About halfway through my PhD program, my grandmother cautioned me not to neglect reading the Bible. “You are immersed in books, but don’t overlook the most important one,” she said. My grandmother had correctly surmised that the reading lists for an advanced degree in English had become more compelling to me than the holy book of my childhood. The conservative Christian evangelical community in which I was raised encouraged literacy primarily so that we could read the Bible, often reducing complex texts to instructions that aligned with the evangelical worldview. Given that this mode of reading eventually proved detrimental to my spiritual and intellectual development, my resentment of it persisted well into graduate school and colored my experiences with the Bible.
Jessica Hooten Wilson’s new book, Reading for the Love of God: How to Read as a Spiritual Practice, articulates and explains many of the issues I had with my evangelical education, specifically as a reader. She asks a pointed question relevant to many Christians, “why read anything but the Bible?” In her multifaceted answer, Hooten Wilson holds up the Bible as “the Book of books, the foundation of every story, and the lens through which Christians see all other books” while contending that the habit of reading other books well helps one read the Bible and vice versa. Reading for the Love of God is thus a case for reading both the Bible and other serious works of literature in ways that are nuanced, spiritually formative, and rooted in Christian tradition.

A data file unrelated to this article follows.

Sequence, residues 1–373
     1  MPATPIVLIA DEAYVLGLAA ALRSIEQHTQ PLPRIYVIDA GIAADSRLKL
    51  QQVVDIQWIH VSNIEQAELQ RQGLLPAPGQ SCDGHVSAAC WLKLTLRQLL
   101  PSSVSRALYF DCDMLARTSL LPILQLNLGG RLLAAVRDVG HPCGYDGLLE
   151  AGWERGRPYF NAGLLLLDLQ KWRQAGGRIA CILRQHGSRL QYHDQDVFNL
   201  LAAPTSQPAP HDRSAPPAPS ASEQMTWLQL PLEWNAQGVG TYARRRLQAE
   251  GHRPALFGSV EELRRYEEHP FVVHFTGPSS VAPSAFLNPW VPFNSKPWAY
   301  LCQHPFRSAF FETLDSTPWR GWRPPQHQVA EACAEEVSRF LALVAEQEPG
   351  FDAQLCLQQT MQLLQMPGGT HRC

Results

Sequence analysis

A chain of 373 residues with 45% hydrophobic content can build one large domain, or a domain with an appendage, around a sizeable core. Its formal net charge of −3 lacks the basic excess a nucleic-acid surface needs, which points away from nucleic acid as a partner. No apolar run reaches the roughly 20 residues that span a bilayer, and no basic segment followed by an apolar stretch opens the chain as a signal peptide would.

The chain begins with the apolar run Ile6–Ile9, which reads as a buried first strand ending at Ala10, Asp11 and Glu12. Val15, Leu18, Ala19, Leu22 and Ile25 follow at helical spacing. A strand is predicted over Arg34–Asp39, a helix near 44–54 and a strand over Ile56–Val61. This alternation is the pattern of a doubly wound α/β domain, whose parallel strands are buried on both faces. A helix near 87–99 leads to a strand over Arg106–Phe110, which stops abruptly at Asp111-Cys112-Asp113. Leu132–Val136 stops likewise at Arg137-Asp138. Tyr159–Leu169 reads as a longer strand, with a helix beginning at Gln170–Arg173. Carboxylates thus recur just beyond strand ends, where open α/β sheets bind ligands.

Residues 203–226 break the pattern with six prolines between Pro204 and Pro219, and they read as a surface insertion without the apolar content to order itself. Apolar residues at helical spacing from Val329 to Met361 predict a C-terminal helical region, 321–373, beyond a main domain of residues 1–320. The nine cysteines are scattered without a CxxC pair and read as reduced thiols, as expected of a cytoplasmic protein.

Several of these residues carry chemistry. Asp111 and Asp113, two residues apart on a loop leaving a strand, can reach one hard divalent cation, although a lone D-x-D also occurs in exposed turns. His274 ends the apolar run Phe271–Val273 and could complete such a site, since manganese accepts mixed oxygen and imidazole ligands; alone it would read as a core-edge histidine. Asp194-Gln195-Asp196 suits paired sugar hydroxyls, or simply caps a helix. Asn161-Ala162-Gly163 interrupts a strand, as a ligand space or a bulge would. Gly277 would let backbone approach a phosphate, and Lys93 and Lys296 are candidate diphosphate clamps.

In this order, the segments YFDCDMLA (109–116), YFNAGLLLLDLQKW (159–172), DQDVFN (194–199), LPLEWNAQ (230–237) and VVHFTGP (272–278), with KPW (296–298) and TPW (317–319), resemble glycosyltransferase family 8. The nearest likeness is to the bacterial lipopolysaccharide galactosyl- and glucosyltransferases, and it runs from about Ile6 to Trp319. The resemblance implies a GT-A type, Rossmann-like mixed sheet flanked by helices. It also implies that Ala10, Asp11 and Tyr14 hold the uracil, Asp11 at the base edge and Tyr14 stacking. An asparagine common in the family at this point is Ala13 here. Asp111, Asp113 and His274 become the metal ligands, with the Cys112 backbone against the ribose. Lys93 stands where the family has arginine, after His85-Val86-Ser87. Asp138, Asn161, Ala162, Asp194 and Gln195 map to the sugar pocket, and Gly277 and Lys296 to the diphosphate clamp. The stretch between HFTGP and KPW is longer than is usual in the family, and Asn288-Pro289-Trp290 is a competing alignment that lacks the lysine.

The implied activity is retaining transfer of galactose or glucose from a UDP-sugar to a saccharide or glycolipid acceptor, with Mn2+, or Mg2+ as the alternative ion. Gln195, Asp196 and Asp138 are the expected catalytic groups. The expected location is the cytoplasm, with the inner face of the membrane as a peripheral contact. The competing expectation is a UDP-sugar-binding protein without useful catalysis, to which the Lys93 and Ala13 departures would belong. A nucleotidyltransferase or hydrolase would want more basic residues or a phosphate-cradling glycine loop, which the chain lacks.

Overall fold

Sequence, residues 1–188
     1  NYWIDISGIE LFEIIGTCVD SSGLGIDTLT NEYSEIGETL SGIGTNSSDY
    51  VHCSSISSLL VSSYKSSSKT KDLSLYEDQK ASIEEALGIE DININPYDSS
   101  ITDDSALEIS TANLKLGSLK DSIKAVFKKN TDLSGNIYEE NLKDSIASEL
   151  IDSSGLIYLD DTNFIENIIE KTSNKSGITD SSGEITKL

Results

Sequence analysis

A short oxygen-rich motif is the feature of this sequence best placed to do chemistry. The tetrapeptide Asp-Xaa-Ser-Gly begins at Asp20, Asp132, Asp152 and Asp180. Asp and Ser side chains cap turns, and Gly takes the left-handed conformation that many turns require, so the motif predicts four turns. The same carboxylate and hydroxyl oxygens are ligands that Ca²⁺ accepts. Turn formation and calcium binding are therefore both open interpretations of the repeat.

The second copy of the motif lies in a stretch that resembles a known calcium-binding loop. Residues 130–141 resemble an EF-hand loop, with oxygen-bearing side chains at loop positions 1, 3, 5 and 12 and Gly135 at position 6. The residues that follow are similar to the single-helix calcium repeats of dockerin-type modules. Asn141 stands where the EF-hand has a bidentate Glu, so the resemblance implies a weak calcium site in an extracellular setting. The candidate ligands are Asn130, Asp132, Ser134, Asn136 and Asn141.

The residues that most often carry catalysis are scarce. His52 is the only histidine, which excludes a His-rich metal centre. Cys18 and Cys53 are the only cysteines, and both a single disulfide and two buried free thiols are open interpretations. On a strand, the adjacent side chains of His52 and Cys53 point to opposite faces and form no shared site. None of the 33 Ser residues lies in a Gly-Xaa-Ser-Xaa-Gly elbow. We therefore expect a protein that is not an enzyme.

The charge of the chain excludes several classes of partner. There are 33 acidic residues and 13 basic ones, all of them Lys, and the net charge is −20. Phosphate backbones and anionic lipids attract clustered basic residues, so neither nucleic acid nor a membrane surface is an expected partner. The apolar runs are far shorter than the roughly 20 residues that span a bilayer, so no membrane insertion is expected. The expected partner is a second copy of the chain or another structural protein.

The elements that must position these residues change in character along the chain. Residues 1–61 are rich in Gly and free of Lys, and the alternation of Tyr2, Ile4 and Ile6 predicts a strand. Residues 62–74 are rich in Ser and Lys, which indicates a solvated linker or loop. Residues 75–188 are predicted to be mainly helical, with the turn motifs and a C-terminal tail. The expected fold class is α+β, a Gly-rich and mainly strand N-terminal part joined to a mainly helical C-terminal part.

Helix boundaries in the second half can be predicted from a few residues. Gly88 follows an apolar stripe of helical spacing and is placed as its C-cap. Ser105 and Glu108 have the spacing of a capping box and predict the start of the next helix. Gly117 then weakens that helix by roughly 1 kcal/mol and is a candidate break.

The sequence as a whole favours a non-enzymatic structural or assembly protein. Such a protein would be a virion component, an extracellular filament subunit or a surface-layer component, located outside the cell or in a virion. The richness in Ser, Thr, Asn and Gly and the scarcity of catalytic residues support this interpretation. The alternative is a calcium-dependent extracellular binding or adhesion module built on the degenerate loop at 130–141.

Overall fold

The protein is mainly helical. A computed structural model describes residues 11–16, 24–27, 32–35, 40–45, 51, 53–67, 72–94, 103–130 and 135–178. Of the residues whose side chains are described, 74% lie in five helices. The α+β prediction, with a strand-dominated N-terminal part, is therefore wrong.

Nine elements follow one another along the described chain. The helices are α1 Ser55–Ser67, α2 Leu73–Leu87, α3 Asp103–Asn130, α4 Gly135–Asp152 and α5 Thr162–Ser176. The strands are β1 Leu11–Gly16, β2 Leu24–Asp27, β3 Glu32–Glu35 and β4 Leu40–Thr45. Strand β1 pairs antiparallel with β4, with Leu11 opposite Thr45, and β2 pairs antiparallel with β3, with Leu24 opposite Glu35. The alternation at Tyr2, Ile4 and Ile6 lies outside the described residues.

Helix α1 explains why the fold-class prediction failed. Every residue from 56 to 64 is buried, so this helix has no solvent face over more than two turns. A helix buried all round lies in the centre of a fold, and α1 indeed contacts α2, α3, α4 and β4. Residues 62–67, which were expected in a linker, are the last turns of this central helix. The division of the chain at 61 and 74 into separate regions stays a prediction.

Hooten Wilson begins with a profile of a quintessentially American reader—Thomas Jefferson—to elucidate and correct the prevalent habits of many Christians. After detailing Jefferson’s reading of the Gospels represented in his book The Life and Morals of Jesus of Nazareth, a compilation of selected passages reordered according to topics Jefferson himself wished to emphasize, she states, “I do think we are more American in our way of reading the Bible than we are aligned with church tradition.” Hooten Wilson also discusses the former president’s preferences regarding genre. For example, he excoriated novels as “trash” and “poison” (referring to works such as Gulliver’s Travels and Frankenstein) because they were written for “mere amusement” rather than clear moral instruction. Jefferson’s selective compilation of Jesus’ teachings combined with his refusal to read novels flow from his conviction that the proper end of reading is straightforward utility, a lesser goal in contrast to the more challenging and formative ends Hooten Wilson associates with historic Christian practice.